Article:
GSA Annual Meeting in Indianapolis, Indiana, USA - 2018

Paper No. 83-7
Presentation Time: 9:40 AM


SOLTIS, Nicholas A.1, MCNEAL, Karen S.1, FORBES, Cory2 and LALLY, Diane2, (1)Department of Geosciences, Auburn University, Auburn, AL 36849, (2)School of Natural Resources, University of Nebraska, 3310 Holdrege St, Lincoln, NE 68583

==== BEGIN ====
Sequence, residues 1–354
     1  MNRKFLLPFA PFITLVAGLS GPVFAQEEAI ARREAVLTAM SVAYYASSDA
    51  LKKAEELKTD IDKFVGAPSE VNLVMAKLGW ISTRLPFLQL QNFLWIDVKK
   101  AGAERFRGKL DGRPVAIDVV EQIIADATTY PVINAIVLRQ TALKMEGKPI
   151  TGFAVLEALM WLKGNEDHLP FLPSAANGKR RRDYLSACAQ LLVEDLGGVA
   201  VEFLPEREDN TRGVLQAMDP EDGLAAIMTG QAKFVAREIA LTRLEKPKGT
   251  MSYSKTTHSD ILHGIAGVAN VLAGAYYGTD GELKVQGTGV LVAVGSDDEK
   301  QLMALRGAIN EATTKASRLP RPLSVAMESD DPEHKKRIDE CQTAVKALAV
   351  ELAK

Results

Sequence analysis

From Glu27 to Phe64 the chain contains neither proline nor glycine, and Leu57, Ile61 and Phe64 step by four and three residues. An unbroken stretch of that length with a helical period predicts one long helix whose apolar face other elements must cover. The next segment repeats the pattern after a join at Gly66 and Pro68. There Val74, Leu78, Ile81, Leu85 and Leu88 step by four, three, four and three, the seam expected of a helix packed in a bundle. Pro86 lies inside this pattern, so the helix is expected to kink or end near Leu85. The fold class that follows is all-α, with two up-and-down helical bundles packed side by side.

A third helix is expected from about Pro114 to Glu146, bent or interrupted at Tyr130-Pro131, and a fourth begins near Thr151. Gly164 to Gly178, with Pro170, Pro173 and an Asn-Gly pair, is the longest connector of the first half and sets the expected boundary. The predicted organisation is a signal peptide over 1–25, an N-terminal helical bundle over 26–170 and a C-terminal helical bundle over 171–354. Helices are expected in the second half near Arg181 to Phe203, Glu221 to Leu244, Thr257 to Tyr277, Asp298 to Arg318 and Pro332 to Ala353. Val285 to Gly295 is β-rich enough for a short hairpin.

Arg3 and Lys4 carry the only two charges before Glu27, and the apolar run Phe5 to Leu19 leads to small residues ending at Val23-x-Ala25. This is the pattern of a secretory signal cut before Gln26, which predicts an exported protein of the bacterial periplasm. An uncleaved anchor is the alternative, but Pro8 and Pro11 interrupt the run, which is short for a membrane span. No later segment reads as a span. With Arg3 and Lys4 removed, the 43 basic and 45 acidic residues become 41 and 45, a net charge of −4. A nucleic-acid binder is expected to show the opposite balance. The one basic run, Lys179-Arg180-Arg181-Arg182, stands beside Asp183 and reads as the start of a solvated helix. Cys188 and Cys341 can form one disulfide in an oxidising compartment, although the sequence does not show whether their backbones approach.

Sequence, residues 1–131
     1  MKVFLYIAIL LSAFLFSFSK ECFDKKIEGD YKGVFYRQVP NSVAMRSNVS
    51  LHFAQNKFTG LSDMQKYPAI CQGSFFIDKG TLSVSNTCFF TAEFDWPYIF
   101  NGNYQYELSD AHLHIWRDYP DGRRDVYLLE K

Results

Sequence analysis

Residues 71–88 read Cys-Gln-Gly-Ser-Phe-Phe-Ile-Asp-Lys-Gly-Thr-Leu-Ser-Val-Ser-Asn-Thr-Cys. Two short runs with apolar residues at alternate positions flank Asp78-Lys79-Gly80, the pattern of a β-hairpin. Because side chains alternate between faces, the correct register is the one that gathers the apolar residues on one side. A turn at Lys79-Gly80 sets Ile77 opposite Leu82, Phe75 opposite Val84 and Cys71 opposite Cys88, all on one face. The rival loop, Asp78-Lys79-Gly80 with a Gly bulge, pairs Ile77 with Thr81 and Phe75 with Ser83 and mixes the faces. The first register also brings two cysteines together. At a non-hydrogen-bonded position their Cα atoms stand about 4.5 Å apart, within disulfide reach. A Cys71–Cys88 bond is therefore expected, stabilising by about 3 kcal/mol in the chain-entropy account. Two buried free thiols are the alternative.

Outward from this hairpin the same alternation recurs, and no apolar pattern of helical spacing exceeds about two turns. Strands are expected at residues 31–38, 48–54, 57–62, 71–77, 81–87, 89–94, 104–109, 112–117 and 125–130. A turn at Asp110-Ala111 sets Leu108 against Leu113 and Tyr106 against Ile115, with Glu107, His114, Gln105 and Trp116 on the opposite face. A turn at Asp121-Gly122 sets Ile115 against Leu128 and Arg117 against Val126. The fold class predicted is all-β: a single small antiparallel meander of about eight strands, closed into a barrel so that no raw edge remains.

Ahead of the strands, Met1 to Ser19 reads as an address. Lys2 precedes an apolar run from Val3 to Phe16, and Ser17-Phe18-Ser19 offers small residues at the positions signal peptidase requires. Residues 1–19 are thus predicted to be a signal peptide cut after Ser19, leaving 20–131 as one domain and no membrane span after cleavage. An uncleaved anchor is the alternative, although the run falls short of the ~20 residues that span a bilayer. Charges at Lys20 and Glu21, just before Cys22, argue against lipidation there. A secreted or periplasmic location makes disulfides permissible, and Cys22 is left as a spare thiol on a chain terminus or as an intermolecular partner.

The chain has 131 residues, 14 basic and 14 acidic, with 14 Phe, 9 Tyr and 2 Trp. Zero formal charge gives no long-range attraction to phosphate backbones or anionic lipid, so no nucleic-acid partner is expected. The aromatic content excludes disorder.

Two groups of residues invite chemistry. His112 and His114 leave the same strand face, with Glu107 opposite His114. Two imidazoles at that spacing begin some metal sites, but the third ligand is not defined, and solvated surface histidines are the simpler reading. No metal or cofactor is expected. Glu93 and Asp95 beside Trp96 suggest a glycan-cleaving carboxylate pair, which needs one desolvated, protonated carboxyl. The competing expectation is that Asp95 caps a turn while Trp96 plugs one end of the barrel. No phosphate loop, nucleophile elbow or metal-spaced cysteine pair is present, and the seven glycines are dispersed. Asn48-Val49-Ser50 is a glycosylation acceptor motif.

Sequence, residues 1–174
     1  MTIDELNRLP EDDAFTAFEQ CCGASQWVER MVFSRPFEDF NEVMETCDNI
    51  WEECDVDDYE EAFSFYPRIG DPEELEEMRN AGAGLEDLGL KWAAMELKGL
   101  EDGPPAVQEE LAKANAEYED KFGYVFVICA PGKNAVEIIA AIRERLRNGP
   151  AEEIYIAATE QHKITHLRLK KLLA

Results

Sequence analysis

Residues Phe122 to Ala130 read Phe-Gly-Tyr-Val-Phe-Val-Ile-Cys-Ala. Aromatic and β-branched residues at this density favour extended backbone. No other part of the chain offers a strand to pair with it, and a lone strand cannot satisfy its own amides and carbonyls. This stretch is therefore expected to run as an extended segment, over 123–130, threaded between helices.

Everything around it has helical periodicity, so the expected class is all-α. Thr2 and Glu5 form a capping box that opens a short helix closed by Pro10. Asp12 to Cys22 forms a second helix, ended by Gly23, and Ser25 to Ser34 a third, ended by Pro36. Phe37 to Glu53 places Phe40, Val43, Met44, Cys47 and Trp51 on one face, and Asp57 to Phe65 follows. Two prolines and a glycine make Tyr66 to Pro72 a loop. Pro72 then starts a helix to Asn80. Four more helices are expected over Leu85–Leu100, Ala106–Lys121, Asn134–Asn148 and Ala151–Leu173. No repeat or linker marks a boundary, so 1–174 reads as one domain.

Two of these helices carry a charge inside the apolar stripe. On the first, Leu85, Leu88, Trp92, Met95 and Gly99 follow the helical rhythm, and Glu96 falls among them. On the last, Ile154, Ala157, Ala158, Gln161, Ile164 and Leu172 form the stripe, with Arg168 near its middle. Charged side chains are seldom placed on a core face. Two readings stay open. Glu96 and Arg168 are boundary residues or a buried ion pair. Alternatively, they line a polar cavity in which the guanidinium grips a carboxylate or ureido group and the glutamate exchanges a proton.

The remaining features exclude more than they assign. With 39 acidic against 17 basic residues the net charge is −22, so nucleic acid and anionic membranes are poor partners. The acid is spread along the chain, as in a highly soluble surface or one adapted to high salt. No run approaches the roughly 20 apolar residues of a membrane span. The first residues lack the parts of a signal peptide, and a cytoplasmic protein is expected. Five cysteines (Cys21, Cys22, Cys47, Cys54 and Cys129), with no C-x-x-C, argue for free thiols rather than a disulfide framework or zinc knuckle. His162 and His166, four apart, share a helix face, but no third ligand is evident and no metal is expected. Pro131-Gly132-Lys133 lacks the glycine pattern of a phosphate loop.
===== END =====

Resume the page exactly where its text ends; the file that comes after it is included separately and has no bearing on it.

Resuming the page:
Earth System thinking, thinking of the Earth as a complex system made up of interworking subsystems, has been shown to be the highest level of knowing and understanding in the geosciences (Stokes, 2011). Previous work has found four conceptual frameworks of Earth system thinking that repeatedly appear in the geoscience education literature (Scherer et al., 2017). This study aims to employ structural equation modeling to understand the current state of Earth system thinking teaching as shown by a recent iteration of a national survey on teaching practices of higher education geoscience professors and instructors (n=2615). Exploratory and confirmatory factor analyses were conducted on survey items to understand the latent structure of Earth system thinking teaching practices and course changes and innovations. A confirmatory factor analysis was also conducted to confirm a previously reported structure of the teaching style items from the survey. This work revealed a 3-factor latent structure that corresponds to four Earth system thinking frameworks proposed in the literature (two of the proposed frameworks appear to load together) and a 2-factor structure to items relating to recent changes that instructors have made to their courses that also correspond to Earth system thinking. These measurement models were used to build a full structural model, where it was hypothesized that active learning would predict Earth system thinking course changes and Earth system thinking teaching. However, the model revealed that Earth system thinking course changes mediates the relationship between active learning and Earth system thinking teaching. This implies the need for continued efforts to provide professional development opportunities in both active learning and Earth system thinking, as active learning is not enough to implicitly teach Earth system thinking skills or to make changes to current curriculum to include systems thinking teaching practices. This work also revealed that the construct of Systems Modeling has the weakest relationship to the broader construct of Earth System Thinking Teaching, suggesting a need for more professional development opportunities as they relate to systems modeling, quantitative reasoning, and complexity sciences.